Modern architecture of the early 20th century appropriated the commercial and industrial vernacular of its time – grain silos and concrete sheds – to establish a new and relevant architecture. Similarly, we believe contemporary architecture needs to embrace the communicative impact and construction technologies of today’s vernacular. A constant presence in the development of the post-war landscape, the suburban ‘Big Box’ has enjoyed a flurry of interest in the last decade. Campaigned against and villanized as a symbol of all that is wrong with the American Dream, it continues to evolve towards every greater efficiencies. We propose re-sampling, not retrofitting, the Box; its forms, scale, technologies and associations.

We will explore how the cultural identity of the old institutions might by synthesized with the Big Box typology to create a participative and productive architecture. Stepping beyond the limitations of abstract contemporary expression we will seek to create appropriate forms enthused with useful details, nurturing an informed combination of form and use. Embracing and subverting associations of the past we will produce buildings that have a communicative facade and encourage a productive relationship between visitor, artefact and place.


The site of enquiry for the studio will be Swindon, located 80 miles west of London in the UK’s Thames Valley. At first appearance Swindon seems like a typical hinterland town – a decaying post-industrial centre with surrounding housing estates, retail parks and industrial zones, barely held together by a ring road. Further research reveals its Gross Value Added per capita is higher than London, it was the first town nationally to provide free broadband to all citizens, it has the nation’s most cinema seats per capita and was twinned with Disneyland in 2010. In short, it is a sprawling, value-adding manufacturing node, hard-wired to global communications and media networks – the post-suburban city par excellence.

In 2005 the English National Trust moved its headquarters from London to Swindon. Keen to encourage similar institutions to relocate the Borough Council have identified a selection of potential development sites. We will be designing new public repositories for London-based institutions for these sites, working with the town’s Urban Design department to explore the potential development of the town’s civic form and use.

1. PROTOTYPE – Big Box Institution (3 weeks)
Working in pairs, students will research and sample the architecture of an established London-based public repository, an object from its collection and a New Haven Big Box. These will be digitally synthesized and a physical model fabricated using appropriate tools e.g. rapid prototyping, CNC routers. The models will provide a basis for the studio’s lexicon of sampling and synthesizing and allow exploration of the relationships between visual image and experienced object.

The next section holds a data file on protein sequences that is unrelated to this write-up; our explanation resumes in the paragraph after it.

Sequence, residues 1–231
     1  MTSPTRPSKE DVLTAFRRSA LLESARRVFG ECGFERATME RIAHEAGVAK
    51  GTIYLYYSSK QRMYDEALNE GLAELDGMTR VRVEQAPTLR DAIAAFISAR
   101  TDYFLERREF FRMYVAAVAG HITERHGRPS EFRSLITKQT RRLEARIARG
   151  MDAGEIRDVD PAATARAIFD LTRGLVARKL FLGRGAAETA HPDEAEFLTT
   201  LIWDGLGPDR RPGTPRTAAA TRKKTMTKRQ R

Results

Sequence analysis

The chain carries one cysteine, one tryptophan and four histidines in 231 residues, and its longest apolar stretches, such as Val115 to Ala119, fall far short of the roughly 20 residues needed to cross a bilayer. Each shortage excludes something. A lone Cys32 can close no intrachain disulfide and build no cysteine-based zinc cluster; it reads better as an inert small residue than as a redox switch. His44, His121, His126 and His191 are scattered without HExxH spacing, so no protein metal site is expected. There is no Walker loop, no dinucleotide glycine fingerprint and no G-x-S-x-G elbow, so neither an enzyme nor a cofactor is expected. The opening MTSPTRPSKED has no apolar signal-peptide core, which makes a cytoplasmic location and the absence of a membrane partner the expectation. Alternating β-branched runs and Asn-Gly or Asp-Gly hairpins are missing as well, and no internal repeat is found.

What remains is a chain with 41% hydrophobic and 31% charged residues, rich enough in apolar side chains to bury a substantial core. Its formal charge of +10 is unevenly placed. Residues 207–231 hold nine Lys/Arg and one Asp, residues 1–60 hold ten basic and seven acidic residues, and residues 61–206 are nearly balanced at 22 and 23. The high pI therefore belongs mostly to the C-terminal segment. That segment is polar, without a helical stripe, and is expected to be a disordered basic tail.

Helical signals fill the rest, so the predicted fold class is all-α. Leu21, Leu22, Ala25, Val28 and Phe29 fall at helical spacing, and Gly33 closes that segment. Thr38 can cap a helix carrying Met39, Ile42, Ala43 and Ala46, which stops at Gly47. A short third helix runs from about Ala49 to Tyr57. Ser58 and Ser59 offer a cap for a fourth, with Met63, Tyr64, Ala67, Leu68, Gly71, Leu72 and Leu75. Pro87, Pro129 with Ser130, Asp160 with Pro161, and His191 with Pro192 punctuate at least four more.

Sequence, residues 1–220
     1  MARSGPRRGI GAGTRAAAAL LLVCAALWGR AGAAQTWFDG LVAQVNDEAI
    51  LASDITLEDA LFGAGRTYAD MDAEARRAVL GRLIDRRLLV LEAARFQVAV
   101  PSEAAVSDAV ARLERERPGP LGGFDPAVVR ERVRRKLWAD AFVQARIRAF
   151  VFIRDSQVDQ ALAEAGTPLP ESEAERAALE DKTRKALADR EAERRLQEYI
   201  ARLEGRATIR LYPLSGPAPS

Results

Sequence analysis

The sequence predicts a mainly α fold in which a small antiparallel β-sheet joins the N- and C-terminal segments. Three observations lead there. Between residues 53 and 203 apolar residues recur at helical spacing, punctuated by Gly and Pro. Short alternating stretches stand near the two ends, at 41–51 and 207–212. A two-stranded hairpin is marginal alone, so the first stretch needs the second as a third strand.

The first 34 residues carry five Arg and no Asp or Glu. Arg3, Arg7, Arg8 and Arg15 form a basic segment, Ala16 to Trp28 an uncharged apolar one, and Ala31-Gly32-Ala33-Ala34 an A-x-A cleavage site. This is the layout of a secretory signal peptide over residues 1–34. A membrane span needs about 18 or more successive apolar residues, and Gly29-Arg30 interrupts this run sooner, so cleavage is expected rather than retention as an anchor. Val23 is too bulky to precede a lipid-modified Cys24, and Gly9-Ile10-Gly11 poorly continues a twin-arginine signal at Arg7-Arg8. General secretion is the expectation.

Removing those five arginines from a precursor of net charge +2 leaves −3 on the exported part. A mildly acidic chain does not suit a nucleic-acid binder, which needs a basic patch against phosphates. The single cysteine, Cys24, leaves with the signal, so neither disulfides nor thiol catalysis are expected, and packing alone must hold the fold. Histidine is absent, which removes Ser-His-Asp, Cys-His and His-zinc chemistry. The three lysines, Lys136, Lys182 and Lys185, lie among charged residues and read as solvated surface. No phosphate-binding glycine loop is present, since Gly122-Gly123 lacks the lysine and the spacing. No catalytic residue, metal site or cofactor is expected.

2. BRIEF – Sampling An Encounter (3 weeks, including the field trip)
1:5 – Individually students will develop a brief for their London-based institution’s new repository. The starting point of the brief will be an observed 1:5 detail of an encounter between a visitor and an object in the collection. Informed by visits to the institution’s existing buildings and meetings with its curators, building managers and visitors, the detail will evolve into a proposal for an altered relationship between the public and collection.
1:500 – Students in (different) pairs will immerse themselves in one of five development sites in Swindon. A combination of qualitative and quantitative site analysis will be encouraged and captured in a 1:500 model, the basis for future proposals.

3. PROPOSAL – A Contemporary Public Repository (7 weeks)
Each student will develop a design for a new public repository for their institution on their site in Swindon. The design development will focus on the (sub)urban relationship through physical models; the image of the building through large format color images, (constructed not rendered); and the relationship between use and construction through scaled detailed drawings.

The studio will visit the UK from 19th to 25th September 2011. Based in London, we will meet the existing public repositories we are investigating and enjoy the possibilities of detached observation and immersive engagement. We will establish a history of the typology through building visits, from Soane’s urban home to Walpole’s suburban castle, Waterhouse’s dinosaur hall to Alsop’s book-stacks-on-sticks.

We will travel beyond the capital to visit Oxford and Swindon, comparing the medieval city-as-repository with its post-suburban upstart. Direct comparison will be made between the Bodleian Library’s repository buildings in each city. Visits to the studio’s development sites in Swindon will be accompanied by a member of the Borough Council’s Urban Design team, who will provide further background on the site, its history and development potential. Throughout the trip we will continue to consider what to sample and how to synthesize, generating a broad sourcebook and design methodologies with which to commence making proposals upon our return to Yale.